Acute diarrhea in dog is seldom of primary bacterial origin and it is usually self-limiting. Campylobacter spp., Salmonella spp., Shigella spp. and Yersinia enterocolitica may cause diarrhea in dogs, but they are frequently isolated in the feces of healthy animals, too. Bacterial infections are most often seen in young and kennelled animals and in immune deficient individuals. Therapy of acute diarrhea is based on fluid therapy and bowel rest, antibiotics are indicated only if patient has symptoms of bacteraemia (fever, apathy, degenerative left shift), severe hemorrhagic diarrhea or neutropenia. The aim of antibiotic therapy is to prevent and treat bacteraemia. Medication is started parenterally and, if needed, continued orally. Five-day treatment is usually sufficient. Antibiotics have always their effect on the normal intestinal flora. An unjudicious antibiotic choice may worsen and prolong the symptoms, and predispose the animal to pathogen colonization and even to sepsis. Zoonotic pathogens are often isolated from the feces of dogs. Use of antibiotics will favour the growth of resistant strains and prolongs the faecal shedding of pathogens. Chronic diarrhoeas should be controlled by diet and elimination of predisposing factors. However, antibiotics are often needed in the treatment.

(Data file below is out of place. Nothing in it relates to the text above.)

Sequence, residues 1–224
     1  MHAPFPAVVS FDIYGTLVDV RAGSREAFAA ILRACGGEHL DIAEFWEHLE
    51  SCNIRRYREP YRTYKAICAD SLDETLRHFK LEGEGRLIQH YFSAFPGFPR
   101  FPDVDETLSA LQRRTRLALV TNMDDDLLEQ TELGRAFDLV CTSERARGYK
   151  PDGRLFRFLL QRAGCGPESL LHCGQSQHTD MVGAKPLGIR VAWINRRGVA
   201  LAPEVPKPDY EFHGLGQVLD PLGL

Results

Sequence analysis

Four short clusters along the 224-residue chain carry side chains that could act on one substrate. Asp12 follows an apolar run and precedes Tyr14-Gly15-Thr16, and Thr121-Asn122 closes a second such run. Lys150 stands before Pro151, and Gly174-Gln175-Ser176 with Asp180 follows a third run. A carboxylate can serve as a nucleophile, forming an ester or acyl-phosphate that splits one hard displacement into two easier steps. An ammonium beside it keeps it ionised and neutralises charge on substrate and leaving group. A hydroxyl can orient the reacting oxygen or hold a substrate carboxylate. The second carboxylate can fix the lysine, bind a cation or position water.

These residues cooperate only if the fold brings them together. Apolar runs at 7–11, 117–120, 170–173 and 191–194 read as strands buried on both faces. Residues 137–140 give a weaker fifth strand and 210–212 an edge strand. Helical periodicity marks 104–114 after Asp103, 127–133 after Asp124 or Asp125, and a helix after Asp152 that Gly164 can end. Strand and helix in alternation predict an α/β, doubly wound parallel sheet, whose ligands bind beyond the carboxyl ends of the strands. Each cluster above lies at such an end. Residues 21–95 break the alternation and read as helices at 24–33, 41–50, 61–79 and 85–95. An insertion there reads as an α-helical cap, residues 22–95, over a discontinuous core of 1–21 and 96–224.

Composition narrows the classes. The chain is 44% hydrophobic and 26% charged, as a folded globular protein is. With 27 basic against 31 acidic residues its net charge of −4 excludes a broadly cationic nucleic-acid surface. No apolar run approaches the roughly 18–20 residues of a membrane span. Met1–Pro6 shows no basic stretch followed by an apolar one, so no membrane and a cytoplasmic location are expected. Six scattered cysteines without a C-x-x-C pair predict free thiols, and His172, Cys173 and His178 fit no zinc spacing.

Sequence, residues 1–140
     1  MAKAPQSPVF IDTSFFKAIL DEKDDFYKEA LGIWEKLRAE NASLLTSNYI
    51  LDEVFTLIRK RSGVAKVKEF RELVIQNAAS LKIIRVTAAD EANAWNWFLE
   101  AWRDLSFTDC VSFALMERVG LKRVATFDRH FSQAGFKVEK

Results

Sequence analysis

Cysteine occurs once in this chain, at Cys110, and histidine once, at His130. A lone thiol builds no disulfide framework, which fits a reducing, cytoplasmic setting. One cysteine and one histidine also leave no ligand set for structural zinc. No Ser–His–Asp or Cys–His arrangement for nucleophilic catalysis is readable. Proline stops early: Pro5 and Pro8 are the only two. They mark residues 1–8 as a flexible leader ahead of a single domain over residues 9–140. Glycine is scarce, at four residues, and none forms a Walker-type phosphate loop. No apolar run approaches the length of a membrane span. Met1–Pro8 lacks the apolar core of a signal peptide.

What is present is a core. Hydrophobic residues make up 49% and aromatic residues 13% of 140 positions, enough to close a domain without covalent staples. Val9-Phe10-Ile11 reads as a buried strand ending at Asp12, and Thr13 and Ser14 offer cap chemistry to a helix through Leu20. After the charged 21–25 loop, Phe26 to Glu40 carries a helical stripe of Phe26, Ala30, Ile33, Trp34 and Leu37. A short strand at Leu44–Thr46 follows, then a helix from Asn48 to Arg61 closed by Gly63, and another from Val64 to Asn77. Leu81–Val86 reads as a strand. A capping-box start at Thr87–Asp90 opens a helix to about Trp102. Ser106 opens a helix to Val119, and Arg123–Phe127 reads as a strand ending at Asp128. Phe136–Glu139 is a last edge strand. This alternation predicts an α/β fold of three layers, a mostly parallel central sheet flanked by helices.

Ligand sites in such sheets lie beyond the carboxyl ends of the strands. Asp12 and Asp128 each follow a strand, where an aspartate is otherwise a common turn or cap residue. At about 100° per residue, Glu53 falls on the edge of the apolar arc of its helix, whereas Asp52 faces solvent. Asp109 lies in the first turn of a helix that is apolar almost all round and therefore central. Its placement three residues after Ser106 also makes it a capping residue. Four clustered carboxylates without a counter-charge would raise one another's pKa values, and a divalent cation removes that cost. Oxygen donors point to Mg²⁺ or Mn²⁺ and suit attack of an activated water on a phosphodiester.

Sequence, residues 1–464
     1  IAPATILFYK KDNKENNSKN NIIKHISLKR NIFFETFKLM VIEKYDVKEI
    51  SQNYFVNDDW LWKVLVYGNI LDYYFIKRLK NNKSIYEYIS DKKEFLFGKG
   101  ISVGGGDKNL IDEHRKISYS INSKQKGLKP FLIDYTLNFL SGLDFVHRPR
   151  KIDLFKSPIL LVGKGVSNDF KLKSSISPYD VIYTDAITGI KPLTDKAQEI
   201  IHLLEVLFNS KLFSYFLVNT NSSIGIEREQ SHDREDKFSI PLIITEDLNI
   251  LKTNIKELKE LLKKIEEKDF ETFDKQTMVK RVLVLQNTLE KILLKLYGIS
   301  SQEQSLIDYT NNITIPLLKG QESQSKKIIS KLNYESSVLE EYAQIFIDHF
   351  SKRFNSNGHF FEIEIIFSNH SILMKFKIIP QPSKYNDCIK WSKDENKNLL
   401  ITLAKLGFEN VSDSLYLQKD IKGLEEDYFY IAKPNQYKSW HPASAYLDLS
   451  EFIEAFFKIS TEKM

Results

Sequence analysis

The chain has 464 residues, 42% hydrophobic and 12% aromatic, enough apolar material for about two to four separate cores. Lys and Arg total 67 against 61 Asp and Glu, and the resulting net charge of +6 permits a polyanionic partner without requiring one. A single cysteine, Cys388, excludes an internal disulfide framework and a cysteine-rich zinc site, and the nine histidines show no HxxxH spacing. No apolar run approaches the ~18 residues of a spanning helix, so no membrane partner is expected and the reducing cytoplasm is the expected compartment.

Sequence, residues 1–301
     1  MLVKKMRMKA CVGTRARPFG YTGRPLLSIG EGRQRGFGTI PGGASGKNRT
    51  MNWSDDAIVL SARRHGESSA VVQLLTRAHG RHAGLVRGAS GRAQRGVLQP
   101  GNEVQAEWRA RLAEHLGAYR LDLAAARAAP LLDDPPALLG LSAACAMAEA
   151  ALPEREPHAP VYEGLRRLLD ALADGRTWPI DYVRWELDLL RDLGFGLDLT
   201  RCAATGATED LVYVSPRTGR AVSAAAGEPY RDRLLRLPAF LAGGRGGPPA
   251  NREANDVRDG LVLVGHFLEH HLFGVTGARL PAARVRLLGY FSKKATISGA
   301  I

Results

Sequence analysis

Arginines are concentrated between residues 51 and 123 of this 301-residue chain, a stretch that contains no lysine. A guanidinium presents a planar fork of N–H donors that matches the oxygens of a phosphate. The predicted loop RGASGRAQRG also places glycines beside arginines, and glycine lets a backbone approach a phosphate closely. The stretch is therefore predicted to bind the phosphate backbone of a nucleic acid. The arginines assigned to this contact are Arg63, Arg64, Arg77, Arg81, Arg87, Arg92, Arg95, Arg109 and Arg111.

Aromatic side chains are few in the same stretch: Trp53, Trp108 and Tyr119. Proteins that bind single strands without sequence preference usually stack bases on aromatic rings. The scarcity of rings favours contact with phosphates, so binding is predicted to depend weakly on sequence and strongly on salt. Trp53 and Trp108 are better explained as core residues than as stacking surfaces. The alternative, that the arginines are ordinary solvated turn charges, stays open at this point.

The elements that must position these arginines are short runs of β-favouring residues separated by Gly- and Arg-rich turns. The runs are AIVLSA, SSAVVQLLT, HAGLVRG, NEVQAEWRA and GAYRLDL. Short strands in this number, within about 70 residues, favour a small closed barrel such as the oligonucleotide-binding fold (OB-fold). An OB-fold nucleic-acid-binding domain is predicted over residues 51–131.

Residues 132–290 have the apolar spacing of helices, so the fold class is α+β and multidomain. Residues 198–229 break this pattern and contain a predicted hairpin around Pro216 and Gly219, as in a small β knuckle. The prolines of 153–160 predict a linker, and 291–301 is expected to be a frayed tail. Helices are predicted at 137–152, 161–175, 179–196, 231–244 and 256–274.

Bacteria most frequently involved in urinary tract infection (UTI) include Escherichia coli, Proteus spp, staphylococci and streptococci, Klebsiella spp, Enterobacter spp and Pseudomonas spp. The diagnosis of UTI is based on clinical signs, and confirmed by examination and quantitative culture of the urine sample. Normally, specimens collected by cystosentesis are bacteriologically sterile, but samples colleted by means other than cystocentesis may contain bacteria, protein and white blood cells as contaminants from lower urinary tract and genitalia. Before the treatment is undertaken, the UTI should be classified as simple or complicated. A lower UTI (cystitis) of adult female dogs usually represents a simple UTI due to transient and reversible abnormality of the host defences. In complicated UTI a damage in urothelium, such as urolithiasiasis, neoplasia, micturation disorder, anatomic defect or underlying immunosuppressive disease or medication can be demonstrated or infection has extended to upper urinary tract causing pyelonephritis. The UTI of male dogs is also considered complicated, prostatitis accompanying most cases of the UTI. The choice of an antimicrobial to treat the UTI is based on ability of the drug to reach an effective concentration in the urinary tract. In general, concentrations of antibiotics in urine will exceed those in serum if antimicrobial is excreted in active form in urine. Trimethoprim-sulfonamide is the first choice for most UTIs. Alternatives include amoxicillin, cephalexin, amoxicillin-clavulanic acid and fluoroquinolones. The duration of therapy in simple UTI is 7 to 10 days and in complicated UTI 30 days. In recurrent UTIs prophylactic, low-dose therapy with e.g. trimethoprim-sulfonamide can be instituted. The dose is one half to one third of the ordinary dose and should be administered once daily (overnight). Effect of therapy should be controlled after medication for treatment failure.